Operators "act on" states by transforming them into different states and in general the state you "get out" is not the same state you "put in". If the state that you get out is proportional to the state you put in then that state is called an eigenstate. Let me make an analogy with an operation that can be performed in real space (easier to visualize that abstract statespace most times). Consider a zaxis in real space to point upwards and then consider the operation of "rotation about the zaxis". So, now consider the two empty beer bottles I have on my table right now: Bottle A is standing up, and Bottle B is laying on its side. If I "operate" on the bottle A it still looks the same (because it is cylindrically symmetric and I rotate it about the zaxis). The operation didn't do anything, so it is an eigenbottle of the operation "rotation about zaxis". On the other hand, if I rotate bottle B then it will generally look different, so it is not an eigenbottle. after acting it on a state I get out a different state and then I take the inner product of the state I got out with the state I put in: Hpsi> = chi> <psichi> = expectation value of Hamiltonian. But, really, the expectation value of an operator and its interpretation is a fundamental of quantum mechanics: The expectation value is a real number and it gives the "expected" value of a measurement of the energy. I.e., if I have N identical states and I measure the energy of each of them then add the energies up and divide by N I get approximately <H>. Note that if psi> is an eigenstate of H then Hpsi> = Epsi> where E is just a number so that <psiHpsi>=E<psipsi>=E Similarly, H^2 is an operator, a operator which means "operate with H twice" and thus <H^2> is the expected value of the operator H^2. Also, (H<H>) is an operator. Really, since <H> is a number, it means the operator (H<H>I) where I is the identity operator (the operator which "does nothing"). Ipsi>=psi> for and psi. So too is (H<H>)^2 an operator. It means that you apply the above operator two times. And <(H<H>)^2> is its expected value. 



#10
Sep307, 03:59 PM

P: 1,743

If you want to have a "physical" realization of this observable, imagine that markings on your rulers have quadratic dependence on the distance from the origin (rather than the usual linear dependence). In the same fashion you can define any other function of [tex]x[/tex] or of any other observable. Similarly, there is no difficulty to define (multivariable) functions of any set of mutually commuting observables. Eugene. 



#11
Sep307, 09:08 PM

P: 223

olgranpappy  Wow, great explanations. Ok, I'm beginning to see the 'why' in some of the things I'm learning and it's great. Good example for me to visualize what you mean by eigenstates. It's in a state which does not change, or if it changes, then it's simply a proportional change (like increasing by a simple multiplicity). If [tex]\left\langle H\right\rangle[/tex] is in a different state than [tex]H[/tex], then why when we subtract [tex]\left\langle H\right\rangle[/tex] from [tex]H[/tex] and square it, do we get zero (ie. [tex]\left\langle \left( H  \left\langle H\right\rangle \right) ^{2} \right\rangle=0[/tex])? I've seen a couple of different mathematical equations representing [tex]\left\langle H\right\rangle[/tex]. One where they use a single partial derivative and one where they use the second partial derivative, which one is right?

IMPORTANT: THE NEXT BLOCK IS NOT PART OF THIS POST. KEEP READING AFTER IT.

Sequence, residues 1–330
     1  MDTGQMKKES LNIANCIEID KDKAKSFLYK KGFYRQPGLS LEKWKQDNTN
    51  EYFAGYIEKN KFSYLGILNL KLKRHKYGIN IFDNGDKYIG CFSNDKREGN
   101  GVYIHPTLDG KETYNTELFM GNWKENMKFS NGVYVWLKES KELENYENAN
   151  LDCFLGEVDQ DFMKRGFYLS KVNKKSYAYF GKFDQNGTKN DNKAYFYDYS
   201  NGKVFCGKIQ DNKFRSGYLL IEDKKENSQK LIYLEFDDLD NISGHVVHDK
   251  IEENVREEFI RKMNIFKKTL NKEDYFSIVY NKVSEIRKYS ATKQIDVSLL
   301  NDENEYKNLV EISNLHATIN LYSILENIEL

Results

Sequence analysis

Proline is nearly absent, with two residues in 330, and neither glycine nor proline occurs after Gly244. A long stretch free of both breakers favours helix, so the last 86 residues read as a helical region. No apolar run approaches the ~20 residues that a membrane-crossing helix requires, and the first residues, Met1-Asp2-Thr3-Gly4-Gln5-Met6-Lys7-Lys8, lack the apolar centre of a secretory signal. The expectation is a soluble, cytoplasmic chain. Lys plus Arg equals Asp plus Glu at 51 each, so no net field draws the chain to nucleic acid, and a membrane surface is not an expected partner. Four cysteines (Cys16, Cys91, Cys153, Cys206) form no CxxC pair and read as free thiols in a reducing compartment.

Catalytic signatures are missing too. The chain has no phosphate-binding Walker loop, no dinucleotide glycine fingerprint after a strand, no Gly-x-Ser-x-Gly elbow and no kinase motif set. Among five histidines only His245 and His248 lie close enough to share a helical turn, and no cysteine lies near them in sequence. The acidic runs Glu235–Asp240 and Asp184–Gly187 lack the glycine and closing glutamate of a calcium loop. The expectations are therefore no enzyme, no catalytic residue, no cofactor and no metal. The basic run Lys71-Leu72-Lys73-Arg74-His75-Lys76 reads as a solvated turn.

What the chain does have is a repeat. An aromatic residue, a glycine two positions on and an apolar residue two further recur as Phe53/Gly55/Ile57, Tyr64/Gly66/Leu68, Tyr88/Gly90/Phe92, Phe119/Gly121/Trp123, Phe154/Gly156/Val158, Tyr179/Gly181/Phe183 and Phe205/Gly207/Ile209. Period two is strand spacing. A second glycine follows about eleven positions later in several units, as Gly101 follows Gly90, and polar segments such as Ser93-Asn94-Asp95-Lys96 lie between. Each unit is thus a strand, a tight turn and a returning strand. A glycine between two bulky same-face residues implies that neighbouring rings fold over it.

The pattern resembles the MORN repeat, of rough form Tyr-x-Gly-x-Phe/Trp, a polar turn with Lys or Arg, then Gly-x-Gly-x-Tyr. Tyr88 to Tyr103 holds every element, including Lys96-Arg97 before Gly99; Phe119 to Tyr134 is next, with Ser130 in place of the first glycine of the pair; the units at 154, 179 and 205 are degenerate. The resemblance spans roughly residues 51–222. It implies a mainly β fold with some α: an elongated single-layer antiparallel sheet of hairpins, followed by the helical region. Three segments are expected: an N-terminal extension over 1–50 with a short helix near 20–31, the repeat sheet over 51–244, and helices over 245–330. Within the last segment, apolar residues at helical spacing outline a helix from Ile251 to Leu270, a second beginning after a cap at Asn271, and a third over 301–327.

meopemuk  Thank you for that explanation. So then why do we use [tex]x^{2}[/tex] instead of just using [tex]x[/tex]? 



#12
Sep307, 09:19 PM

P: 1,743

Eugene. 



#13
Sep307, 10:18 PM

P: 223

You had said:
In our homework we are told to find the expectation value of [tex]x[/tex]; but we are also told to find the expectation value of [tex]x^{2}[/tex], so I was just wondering why we do that if the one is just the square of the other. So apparently I'm missing something here. 



#14
Sep307, 10:33 PM

P: 2,050





#15
Sep307, 11:10 PM

P: 223

cesiumfrog  It seems like if <p> = 0, then <p^2> would also = 0. Because from what I've read in this section is that the square of the expectation value is simply the square of the result (ie. the found expectation value), and so if the found expectation value for momentum is zero, then it's square (ie. 0^2) should also be zero. I guess that's what I'm missing, I'm not seeing what you are referring to, how it's not zero.




#16
Sep307, 11:32 PM

P: 1,743

[tex] \langle x^2 \rangle \neq \langle x \rangle^2 [/itex] Does it answer your question? Eugene. 



#17
Sep407, 01:11 AM

P: 2,050

Keep thinking about air molecules. The kinetic energy of a molecule is proportional to the square of it's momentum. Since the temperature is not absolute zero, mostevery molecule has positive kinetic energy, and so an average <p^2> is strictly positive. But if there is no wind (equal numbers of molecules moving left as moving right) the average *net* momentum is exactly zero.




#18
Sep407, 01:20 AM

P: 223

meopemuk and cesiumfrog  Yes, that makes more sense. I was thinking [tex]\left\langle x^{2}\right\rangle = \left\langle x\right\rangle ^{2}[/tex]; but with the example given by cesiumfrog I think I can see how that isn't the case. We're not talking about simple values; but about larger functions.